Studies show that participants who ate kiwi before bed were more likely to sleep better throughout the night. Just eat two kiwifruits an hour before bed. Since they're so small and inexpensive, you can also add it with berries for a sweet snack at night. 

Soyfoods

Soyfoods naturally contain tryptophan, but they also have isoflavones. Several studies have found that isoflavones can help the body sleep better at night, even for those that suffer from insomnia.

Tofu alone has been studied extensively. A study in Nutrition Journal found that adults who ate two or more servings of tofu slept longer and reported better sleep quality. 

Pistachios

Do you need any more of a reason to eat pistachios? Pistachios are a vitamin jackpot. They contain B6, protein, and magnesium – all of which can help you sleep soundly at night. 

Experts suggest not to eat too much, however. The little nut is high in calories, but eating too much can have the reverse effect on your body. Our bodies use calories for energy, so eating too much will give your mind a boost. That's not what you want for sound sleep.  

Prunes

Prunes may not be the most exotic and appetizing food out there, but it’s certainly one of the best. On top of assisting the digestive system, prunes can also help you sleep.

They’re high in B6, calcium, and magnesium, which help make melatonin. Eating fresh prunes are the best way to go as dried prunes are often extremely high in sugar. 

Dark Chocolate

Dark chocolate has a bit of caffeine, so many people say to avoid it before bed. However, this delicious treat has even more serotonin. Unfortunately, not all chocolate is made the same. 

Milk chocolate doesn’t contain serotonin, making dark chocolate have the unique benefit of helping you sleep while curbing your sweet tooth. The more cocoa, the better. 

Cottage Cheese

Cottage cheese may not be the first thing you go for at night, but it will be after you hear us out! Cottage cheese is high in lean protein and carbs, which can help boost the production of serotonin. When the levels are low, it can be difficult for you to catch some zzzs.

Some prefer to pair cottage cheese with carb-rich crackers for an extra one-two punch. However, we like it with berries because it's a sweet treat that won't expand the waistline. Berries are low on the glycemic index, so it's sweet without substantially impacting your blood sugar. 

Pineapple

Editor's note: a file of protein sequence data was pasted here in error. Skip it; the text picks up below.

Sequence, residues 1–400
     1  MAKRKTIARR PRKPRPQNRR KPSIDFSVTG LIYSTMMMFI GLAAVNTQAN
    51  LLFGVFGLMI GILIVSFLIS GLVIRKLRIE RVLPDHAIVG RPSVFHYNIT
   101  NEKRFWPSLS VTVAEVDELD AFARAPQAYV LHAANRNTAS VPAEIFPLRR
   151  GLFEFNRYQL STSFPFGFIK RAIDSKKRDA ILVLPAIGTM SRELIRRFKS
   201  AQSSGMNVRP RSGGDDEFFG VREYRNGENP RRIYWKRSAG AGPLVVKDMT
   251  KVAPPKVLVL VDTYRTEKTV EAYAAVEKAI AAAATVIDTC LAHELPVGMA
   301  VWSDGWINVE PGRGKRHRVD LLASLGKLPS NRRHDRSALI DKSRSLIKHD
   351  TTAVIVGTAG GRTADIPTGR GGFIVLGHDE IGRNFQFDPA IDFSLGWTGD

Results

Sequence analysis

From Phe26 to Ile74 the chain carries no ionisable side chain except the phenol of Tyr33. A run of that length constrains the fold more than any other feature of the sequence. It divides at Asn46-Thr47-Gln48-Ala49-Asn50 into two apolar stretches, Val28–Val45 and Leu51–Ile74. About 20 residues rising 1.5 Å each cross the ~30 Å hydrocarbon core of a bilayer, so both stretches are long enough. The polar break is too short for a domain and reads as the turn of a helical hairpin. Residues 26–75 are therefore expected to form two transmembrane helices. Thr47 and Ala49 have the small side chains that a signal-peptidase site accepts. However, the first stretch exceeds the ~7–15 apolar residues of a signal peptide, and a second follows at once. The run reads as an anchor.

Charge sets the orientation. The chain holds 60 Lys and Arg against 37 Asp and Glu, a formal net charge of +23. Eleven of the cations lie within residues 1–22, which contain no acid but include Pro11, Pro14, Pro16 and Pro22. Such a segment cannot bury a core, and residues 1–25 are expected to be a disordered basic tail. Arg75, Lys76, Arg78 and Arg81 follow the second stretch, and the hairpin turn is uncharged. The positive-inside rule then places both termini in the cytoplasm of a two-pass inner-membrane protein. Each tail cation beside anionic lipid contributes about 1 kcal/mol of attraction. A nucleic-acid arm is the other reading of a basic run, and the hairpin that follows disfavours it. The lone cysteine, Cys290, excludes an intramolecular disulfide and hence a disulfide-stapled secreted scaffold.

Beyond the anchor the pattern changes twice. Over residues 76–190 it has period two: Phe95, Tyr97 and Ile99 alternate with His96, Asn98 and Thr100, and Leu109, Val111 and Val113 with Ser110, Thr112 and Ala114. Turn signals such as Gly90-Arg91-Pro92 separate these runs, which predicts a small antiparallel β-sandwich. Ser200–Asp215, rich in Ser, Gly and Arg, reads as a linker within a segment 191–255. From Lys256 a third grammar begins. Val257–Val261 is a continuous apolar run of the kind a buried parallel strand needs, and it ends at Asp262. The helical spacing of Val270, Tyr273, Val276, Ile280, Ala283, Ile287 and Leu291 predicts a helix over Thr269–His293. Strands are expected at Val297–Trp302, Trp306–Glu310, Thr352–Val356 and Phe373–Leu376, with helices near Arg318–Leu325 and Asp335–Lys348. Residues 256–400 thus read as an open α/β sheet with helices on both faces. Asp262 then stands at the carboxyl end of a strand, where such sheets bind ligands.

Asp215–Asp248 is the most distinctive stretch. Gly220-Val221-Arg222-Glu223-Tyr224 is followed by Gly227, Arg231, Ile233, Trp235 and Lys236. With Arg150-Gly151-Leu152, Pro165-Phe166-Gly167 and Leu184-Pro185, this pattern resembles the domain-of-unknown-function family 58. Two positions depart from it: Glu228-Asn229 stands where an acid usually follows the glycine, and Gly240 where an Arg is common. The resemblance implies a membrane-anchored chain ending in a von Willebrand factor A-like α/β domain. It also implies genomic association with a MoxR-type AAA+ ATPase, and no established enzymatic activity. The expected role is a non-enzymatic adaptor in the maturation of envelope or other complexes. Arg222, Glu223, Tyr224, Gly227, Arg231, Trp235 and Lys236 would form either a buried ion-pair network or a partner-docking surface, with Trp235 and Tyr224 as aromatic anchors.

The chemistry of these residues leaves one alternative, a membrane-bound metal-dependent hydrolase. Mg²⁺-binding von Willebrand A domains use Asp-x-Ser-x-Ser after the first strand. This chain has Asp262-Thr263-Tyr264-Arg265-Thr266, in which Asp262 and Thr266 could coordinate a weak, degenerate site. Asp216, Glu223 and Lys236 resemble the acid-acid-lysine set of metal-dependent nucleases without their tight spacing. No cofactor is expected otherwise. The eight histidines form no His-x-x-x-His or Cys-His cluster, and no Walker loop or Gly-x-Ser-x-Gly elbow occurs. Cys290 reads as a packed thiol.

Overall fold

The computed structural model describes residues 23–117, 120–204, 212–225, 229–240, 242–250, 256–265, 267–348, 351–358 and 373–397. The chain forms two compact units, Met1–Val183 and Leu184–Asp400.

Pineapple is a surprising one – we're not gonna lie. Pineapple is pretty acidic, so it may not be for everyone. For those that can tolerate it, pineapple can help increase melatonin levels by a whopping 266%! That's way more than any other tropical fruits.

We're not making this up. A study by the Journal of Agricultural and Food Chemistry looked into tropical fruits and melatonin production. The volunteers ate their fruit for a week. While pineapple increased melatonin by 266%, banana boosted the sleep hormone by 180%.

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Passionfruit Tea

Tea is going to calm you down, but there's more than one reason you should drink passionfruit tea to sleep. It helps a variety of ailments from anxiety to insomnia. The high content of magnesium helps you fall asleep at night. One study looked even further.

A double-blind study in Phytotherapy Research studied volunteers who drank passionfruit tea for a week. Those who actually drank the tea showed significantly better sleep quality! The study did say it was a short-term method, but it's worth looking into if you need a little assistance for a bit.

Eggs

Eggs really do get a bad reputation. Most people eat them for breakfast, but they can be consumed at night for a healthy boost of tryptophan. On top of that, LiveStrong reported that the protein could help stabilize your blood levels. Eggs could be the answer to sleeping through the night! 

Eggs can also help you fall asleep and stay asleep until the morning. If you want to make it even more effective, add in a carb-rich food. Eating an egg with whole-grain toast is a combination your body will love.

Pretzels

This salty snack is already a favorite for many, so let's just call this justification for a late-night snack. Pretzels can help increase your tryptophan levels and encourage a better night's sleep. That being said, some people should be careful. 

Pretzels can also increase your insulin levels, which could help you fall asleep faster. However, if you have diabetes, you may want to find another way to sleep at night. We suggest one of the other items on the list that won't spike your blood sugar immediately before bed.